Director: Giuseppe Arcieri
Writer: Giuseppe Arcieri & Michele Piazzolla
Cast: Antonio Sarcinelli
Running time: 5mins
The costs of running a film festival often mean they struggle to break even, let alone make a profit, making fee waivers difficult to grant. As a result, filmmakers who already struggle to have their voices heard are often further marginalised.
But movies from artists from low-income backgrounds, opposition groups hit by censorship, or individuals in nations subjected to international sanctions still need a platform. That’s why Indy Film Library’s Saturday Matinees are returning for a third season. Over six weeks, the latest series of Saturday Matinees is showcasing work from places where monetary and legal constraints have prevented the free communication of political and social issues.
The fourth film in our free-to-view programme comes from Giuseppe Arcieri, a filmmaker based in Foggia, Italy. The film examines the prolonged solitude which many people around the world endured throughout the lockdown months of 2020. C’era una volta il Covid (translated by the director for English audiences, to the much less poetic Once upon a time there was the Covid) follows Antonio (Antonio Sarcinelli) – an ageing man, marooned alone amid a turbulent sea of ominous headlines.
Emphasising some of the anxieties which were – and to an extent, still are – swirling around our consciousness at the time of the Covid-19 pandemic, a newspaper seems to have been written to mock Antonio in his desperate search for peace. It makes various remarks about human ageing, before its articles turn their eyes to the mounting casualties of the global medical emergency, “those who died in agony”, “in desperation” or who “were suffocated by dejected calamities” – ending with a descent into despairing pleas to a higher power, and making contrived references to Herman Melville’s Bartleby, the Scrivener.
Tormented by the whirlwind of bad news, even in the midst of one of the most beautiful coastal towns you could ever imagine, Antonio struggles to drown out the noise. In the film’s climax, memories of the countryside, and thoughts of a world beyond the panic of human language, help to quell his fears, enabling him to catch his breath, and unwind on the idyllic sea shore.
As well meaning as this very straight-forward narrative might be, however, there are some drastic shortcomings worth bringing up in Arcieri’s final product. Not least, its misuse of its picturesque surroundings.
As was the case with L’Elefante nella stanza and its steadfast failure to exploit the wonderous Calabrian coast, Arcieri seems to underestimate just how gorgeous his home his, and the cinematic opportunities that offers up. It’s his hometown, so perhaps he takes it a little for granted. But from the outside looking in, deciding to shoot a climactic fishing scene without using the setting sun to highlight Antonio’s silhouette is little short of criminal. Instead, we get a strange, over the shoulder shot. Were the camera angled differently, this shot could have made use of the endless blue stretching out before Antonio, like the infinite time he has been spending alone, but instead it is angled down to minimise the view. We might as well be looking at a terracotta gnome dipping his line into a garden pond.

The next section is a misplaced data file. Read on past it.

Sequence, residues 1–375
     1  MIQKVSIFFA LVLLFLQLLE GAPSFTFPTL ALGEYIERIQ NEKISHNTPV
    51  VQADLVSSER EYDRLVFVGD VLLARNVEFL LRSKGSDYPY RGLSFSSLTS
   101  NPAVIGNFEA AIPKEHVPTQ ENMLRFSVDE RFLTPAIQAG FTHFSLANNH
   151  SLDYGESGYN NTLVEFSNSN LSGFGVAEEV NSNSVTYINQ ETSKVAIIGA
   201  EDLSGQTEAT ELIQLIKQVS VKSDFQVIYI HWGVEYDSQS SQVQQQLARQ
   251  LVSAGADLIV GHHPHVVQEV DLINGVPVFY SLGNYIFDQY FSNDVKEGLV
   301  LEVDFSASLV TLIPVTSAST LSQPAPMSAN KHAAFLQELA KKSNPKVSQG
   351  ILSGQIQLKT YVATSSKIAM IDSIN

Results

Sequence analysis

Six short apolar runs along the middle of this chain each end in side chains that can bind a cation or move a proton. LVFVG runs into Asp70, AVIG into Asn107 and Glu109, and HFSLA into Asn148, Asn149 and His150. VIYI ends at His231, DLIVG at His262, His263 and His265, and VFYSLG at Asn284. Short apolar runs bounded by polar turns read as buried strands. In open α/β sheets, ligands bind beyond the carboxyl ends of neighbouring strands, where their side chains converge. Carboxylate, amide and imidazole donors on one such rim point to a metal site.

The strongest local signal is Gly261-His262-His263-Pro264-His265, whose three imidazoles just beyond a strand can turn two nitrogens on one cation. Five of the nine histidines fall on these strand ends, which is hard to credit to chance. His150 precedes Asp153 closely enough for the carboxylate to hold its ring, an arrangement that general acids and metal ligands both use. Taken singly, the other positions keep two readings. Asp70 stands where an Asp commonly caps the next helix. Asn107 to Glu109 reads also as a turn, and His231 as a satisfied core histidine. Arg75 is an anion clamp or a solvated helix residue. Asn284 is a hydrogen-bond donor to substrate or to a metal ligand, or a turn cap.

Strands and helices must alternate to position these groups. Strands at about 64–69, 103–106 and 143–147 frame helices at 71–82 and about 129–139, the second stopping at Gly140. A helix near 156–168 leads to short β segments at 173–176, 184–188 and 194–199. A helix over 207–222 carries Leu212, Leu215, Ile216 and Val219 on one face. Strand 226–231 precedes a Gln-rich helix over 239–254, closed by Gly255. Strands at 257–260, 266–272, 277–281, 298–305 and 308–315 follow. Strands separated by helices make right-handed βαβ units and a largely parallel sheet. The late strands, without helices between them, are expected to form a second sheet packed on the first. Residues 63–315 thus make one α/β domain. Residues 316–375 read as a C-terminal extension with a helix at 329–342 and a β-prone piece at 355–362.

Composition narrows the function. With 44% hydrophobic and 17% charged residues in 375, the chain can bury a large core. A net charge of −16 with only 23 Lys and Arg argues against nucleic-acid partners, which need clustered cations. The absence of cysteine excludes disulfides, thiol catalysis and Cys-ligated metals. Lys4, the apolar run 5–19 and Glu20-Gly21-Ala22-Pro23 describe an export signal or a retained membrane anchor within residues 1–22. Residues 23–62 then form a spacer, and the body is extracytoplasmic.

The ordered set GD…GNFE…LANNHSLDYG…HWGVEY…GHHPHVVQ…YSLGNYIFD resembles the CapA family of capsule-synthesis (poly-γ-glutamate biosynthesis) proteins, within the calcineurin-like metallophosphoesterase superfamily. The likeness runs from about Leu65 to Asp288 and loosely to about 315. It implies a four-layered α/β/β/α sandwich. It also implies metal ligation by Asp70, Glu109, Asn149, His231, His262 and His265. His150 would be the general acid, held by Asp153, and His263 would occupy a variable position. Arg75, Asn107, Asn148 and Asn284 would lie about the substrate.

At the same time, incidental footage of another blood-red sunset that bookends the film seems to have been sped up, as if Arcieri doesn’t have any faith in the concentrations of his viewers. In this case, the framing is beautiful, but we rush past the scene as though we really needed to get into four minutes of Antonio reading the news paper or cooking dinner instead.
This lack of patience bleeds into those scenes, too, though. What characterised the initial lockdown months for many people – on top of the continued, exhausting fear of the unfolding health crisis – was an infuriating shift away from being eternally busy, to having nothing to fill the time. For someone living in a society that expects you to always be doing something, that initial jump into protracted rest can be excruciating – and we do not get nearly enough slow-burn footage of Antonio’s daily routines to get a feeling of that, en route to embracing his spare time, and making the most of the peace that life before the pandemic saw so little of.
As a result of this, C’era una volta il Covid is an inoffensive watch, which rips past at just shy of five minutes. But it is also something of a missed opportunity. Should Arcieri want to return to this kind of storytelling in future, and apply a little more patience with his shooting to make the most of the surrounding beauty of Foggia, he will undoubtedly produce something much more accomplished.
C’era una volta il Covid will be available to view for free in full from 09:00 UK time on Saturday the 22nd of July, until the end of the weekend, via our Saturday Matinees theatre page.
As the film is still trying to gain access to other festivals, the page is password protected. Use the code IFLMATINEE23 to access the film.
Viewers can also vote to score the film out of five stars – the Saturday Matinee which receives the highest score will be declared the winner of the third season.
Stay tuned for another film next week!